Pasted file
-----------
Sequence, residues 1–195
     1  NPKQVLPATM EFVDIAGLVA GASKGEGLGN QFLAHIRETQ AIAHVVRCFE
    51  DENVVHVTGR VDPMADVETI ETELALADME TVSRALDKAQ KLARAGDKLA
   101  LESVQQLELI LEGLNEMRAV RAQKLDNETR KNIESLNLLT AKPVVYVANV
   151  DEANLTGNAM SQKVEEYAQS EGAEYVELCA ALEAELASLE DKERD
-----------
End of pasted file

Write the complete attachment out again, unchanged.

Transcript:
Sequence, residues 1–195
     1  NPKQVLPATM EFVDIAGLVA GASKGEGLGN QFLAHIRETQ AIAHVVRCFE
    51  DENVVHVTGR VDPMADVETI ETELALADME TVSRALDKAQ KLARAGDKLA
   101  LESVQQLELI LEGLNEMRAV RAQKLDNETR KNIESLNLLT AKPVVYVANV
   151  DEANLTGNAM SQKVEEYAQS EGAEYVELCA ALEAELASLE DKERD